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The Constitution of Pamville and 2nd Amendment Rights

March 10, 2013

During my two year learning odyssey in the Foundations of Liberty course, Dr. Brooks gave us an assignment to create a constitution from scratch, at any level of government.  After the initial groan of having “homework” where I had to actually think, I started writing, and it became quite fun.  I named my town Pamville (yes, a bit self-serving, but when else would I get the opportunity?)  It was short, basic, and all I needed to build a society that, I felt, would have the maximum amount of liberty and the minimum amount of government oversight needed to protect that liberty.

I’d forgotten about the Constitution of Pamville until I recently saw a new item on TV where a town was requiring all of it’s citizens to be trained in the safe use of weapons and armed.  As you see below in my Constitution, one of the very first items is the requirement that all citizens over 16 be trained in the use of firearms for personal defense and survival, as well as for the common defense of the town.

Constitution of the Town of Pamville September 11, 2011

We the people do form this Town of Pamville, in order to preserve and protect the blessings of natural liberties for ourselves and our families.

I. Location of the Town of Pamville
a. The Town of Pamville is land boundryied by XXX coordinates in the most beautiful country created by God.
II. Citizenship requirements for the Town of Pamville:
a. All persons born within the town borders of Pamville under the age of 16
b. All persons residing in the town for at least one year who are 16 or older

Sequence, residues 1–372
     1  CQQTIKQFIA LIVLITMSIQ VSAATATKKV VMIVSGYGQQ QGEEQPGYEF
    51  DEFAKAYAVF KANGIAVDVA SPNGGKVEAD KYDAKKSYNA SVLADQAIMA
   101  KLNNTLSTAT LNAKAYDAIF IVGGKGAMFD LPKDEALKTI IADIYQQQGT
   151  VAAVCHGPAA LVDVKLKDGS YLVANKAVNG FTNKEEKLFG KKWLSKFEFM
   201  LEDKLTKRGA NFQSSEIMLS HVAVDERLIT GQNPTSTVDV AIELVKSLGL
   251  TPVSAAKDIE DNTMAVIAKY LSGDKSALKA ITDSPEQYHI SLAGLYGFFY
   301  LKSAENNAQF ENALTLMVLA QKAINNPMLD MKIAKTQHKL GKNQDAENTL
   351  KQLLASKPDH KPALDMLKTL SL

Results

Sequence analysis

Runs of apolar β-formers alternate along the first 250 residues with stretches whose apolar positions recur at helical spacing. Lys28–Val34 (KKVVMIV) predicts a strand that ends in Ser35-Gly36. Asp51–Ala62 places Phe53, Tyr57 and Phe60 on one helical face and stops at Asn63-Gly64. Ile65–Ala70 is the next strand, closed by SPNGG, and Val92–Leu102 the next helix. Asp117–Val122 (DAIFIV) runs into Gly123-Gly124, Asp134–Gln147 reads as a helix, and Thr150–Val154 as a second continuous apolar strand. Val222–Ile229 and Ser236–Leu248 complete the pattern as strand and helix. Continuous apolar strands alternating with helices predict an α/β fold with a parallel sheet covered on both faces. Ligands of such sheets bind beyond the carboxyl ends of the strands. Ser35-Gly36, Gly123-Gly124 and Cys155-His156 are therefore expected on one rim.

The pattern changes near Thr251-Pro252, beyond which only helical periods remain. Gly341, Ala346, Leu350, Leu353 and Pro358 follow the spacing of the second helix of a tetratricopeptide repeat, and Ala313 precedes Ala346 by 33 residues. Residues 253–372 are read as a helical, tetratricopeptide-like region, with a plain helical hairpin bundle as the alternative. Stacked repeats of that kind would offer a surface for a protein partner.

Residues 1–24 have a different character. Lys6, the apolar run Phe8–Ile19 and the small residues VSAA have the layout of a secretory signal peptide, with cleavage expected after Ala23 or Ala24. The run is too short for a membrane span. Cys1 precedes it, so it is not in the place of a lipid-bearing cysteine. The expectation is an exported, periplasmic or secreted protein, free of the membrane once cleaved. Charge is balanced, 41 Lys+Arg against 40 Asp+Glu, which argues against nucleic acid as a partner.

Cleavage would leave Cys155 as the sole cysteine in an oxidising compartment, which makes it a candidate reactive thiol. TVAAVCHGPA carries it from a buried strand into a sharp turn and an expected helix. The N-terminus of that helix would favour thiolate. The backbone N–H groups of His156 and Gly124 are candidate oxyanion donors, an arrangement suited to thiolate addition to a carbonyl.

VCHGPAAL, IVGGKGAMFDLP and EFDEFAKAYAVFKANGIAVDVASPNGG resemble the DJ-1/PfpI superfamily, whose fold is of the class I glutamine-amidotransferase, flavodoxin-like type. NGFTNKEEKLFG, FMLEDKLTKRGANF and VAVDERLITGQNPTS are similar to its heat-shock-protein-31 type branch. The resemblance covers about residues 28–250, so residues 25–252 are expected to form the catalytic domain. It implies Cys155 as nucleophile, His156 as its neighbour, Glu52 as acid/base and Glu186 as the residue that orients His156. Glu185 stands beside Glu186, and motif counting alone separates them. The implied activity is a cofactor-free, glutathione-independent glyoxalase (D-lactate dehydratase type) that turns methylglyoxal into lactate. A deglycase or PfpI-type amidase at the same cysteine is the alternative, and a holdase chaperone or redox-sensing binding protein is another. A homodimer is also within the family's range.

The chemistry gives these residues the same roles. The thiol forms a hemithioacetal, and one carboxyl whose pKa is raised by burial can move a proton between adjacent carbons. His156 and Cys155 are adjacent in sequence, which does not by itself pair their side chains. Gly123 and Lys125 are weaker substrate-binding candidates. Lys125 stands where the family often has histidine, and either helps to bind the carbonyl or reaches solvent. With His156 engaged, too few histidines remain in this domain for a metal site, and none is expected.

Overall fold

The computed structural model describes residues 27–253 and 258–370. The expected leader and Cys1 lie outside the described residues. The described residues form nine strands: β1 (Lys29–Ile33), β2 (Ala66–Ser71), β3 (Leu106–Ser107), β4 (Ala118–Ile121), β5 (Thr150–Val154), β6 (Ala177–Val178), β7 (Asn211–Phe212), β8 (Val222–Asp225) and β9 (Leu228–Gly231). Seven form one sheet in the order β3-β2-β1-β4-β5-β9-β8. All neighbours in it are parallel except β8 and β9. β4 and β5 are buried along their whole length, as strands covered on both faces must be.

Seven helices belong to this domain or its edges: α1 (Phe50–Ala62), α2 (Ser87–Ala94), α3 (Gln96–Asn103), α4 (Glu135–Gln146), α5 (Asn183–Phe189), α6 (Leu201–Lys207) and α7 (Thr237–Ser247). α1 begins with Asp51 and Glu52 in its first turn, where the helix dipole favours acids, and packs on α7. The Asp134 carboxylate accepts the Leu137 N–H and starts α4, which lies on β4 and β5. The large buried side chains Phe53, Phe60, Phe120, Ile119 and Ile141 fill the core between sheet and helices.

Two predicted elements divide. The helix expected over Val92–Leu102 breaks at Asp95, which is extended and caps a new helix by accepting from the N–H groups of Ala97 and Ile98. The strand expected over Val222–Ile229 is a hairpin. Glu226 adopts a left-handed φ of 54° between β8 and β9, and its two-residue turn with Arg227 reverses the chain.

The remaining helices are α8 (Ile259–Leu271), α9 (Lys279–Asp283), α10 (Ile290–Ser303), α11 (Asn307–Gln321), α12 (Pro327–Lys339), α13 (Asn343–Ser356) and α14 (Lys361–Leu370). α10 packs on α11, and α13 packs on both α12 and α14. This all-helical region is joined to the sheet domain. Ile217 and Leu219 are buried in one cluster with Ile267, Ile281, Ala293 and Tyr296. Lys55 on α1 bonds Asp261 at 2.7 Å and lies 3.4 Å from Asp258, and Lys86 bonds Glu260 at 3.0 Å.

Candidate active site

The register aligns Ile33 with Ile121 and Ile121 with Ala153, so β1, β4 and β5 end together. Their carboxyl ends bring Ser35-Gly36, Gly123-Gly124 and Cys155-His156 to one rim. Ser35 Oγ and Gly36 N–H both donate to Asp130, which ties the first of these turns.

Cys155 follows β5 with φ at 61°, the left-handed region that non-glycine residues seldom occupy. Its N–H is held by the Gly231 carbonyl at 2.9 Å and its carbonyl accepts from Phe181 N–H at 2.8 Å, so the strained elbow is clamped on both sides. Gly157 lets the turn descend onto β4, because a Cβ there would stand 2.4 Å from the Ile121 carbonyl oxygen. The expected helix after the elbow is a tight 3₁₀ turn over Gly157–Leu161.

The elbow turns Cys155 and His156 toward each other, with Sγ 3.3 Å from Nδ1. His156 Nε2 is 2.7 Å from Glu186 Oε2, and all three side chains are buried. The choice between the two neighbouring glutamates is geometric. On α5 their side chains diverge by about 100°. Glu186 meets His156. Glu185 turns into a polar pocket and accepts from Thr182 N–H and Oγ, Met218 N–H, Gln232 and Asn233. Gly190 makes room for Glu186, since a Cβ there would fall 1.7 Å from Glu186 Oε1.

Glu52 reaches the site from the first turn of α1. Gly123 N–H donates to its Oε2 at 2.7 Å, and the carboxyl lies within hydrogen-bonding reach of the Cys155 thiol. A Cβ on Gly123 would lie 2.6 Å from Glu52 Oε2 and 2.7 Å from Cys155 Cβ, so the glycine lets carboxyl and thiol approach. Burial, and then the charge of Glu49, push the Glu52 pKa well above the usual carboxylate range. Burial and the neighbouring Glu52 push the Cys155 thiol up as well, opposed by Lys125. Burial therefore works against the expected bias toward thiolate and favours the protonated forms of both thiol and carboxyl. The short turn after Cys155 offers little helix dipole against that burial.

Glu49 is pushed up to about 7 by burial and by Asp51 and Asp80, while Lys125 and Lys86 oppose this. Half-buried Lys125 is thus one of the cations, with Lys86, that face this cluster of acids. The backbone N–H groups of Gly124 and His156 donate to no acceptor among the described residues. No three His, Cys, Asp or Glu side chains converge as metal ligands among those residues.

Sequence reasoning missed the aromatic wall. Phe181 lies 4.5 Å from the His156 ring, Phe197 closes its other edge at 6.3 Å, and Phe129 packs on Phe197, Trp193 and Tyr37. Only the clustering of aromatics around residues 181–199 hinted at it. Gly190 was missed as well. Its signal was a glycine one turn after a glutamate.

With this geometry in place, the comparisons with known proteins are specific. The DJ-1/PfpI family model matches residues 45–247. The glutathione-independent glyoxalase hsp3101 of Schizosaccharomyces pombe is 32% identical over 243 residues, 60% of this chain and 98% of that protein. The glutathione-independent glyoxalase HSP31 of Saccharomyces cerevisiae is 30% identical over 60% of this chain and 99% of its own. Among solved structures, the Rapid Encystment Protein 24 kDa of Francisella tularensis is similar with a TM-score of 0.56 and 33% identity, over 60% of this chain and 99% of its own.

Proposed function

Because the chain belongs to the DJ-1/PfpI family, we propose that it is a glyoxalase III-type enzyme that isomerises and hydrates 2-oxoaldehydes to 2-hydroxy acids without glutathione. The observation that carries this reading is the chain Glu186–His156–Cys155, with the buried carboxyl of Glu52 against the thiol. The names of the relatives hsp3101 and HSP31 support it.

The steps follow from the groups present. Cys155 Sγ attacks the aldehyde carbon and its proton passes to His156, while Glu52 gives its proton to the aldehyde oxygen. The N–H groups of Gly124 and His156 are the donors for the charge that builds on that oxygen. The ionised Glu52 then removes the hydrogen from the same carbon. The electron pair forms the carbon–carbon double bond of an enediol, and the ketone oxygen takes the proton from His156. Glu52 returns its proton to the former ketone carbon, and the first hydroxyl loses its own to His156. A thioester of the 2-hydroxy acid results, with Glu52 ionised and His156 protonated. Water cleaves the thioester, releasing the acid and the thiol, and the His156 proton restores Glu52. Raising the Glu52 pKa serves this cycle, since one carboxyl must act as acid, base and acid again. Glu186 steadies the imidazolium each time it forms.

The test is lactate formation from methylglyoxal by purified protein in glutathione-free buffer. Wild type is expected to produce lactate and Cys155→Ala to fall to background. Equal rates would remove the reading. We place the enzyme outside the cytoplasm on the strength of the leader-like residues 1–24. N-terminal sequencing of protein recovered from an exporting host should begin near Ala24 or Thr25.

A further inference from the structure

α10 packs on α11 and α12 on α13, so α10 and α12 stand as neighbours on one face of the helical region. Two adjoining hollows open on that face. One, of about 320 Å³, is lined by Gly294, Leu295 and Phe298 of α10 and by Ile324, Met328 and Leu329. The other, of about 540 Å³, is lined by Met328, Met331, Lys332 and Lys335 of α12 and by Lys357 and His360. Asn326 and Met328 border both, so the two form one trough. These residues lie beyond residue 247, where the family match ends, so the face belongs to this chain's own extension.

i. Duties of Citizens:
1. All citizens over the age of 16 will possess at least one operational firearm, to be used for personal defense and survival, as well a for the common defense of the Town.
2. All able bodied citizens over the age of 16 will make themselves available, at the request of the Chief Town Constable to serve in the community militia
3. To create‘Neighborhoods’ consisting of ten families whose properties border each other. Neighborhoods duties are:
a. Each neighborhood will elect among their citizens, every two years, a Deputy constable who will serve without payment, and who will assist the Chief Constable in educating the citizens on safety and protection issues, and to assist in coordinating the militia activities as needed.
b. Assist to Safeguard the lives, health and property of their neighbors, especially those unable to provide adequately for themselves by contributing either monetary or physical assistance
III. Town Governance
a. Town Supervisor will be a citizen of Pamville, elected by the citizens of the Town every four years, and will serve without payment. Duties of the Town Supervisor are:
i. Oversee the town revenue and expenditures and be the responsible chief fiscal officer of the town. Collection of all revenue and payment of all expenses of the Town of Pamville
ii. On an annual basis, no later than December 1, the Town Supervisor will collect the total revenue for all planned common infrastructure, as approved and presented by the town board, by dividing the total equally among all of the citizens residing in Pamville,
iii. Approve all laws created by the Town Board
iv. Approve the election of the Town Constable
v. Record and keep safe all public records required by town laws
b. Town Board will consist of five elected citizens from the Town of Pamville, who will serve for terms of two years, and will serve without payment. Duties of the Town Board are:
i. Write, deliberate on and vote to initiate all laws of Pamville, based on input from the citizens, and voted on and passed by a majority of the board.
1. Any law passed by the Town Board may be subject to a vote of the citizens if requested by petition of 10% of the citizens
ii. Plan and supervise the creation and maintenance of common infrastructure within the town, including roads, bridges, parks, sewers, water, lighting, or buildings to house government offices or public safety structures or other as may be deemed necessary
1. Any common infrastructure planned or created by the Town Board may be subject to a vote of the citizens if requested by petition of 10% of the citizens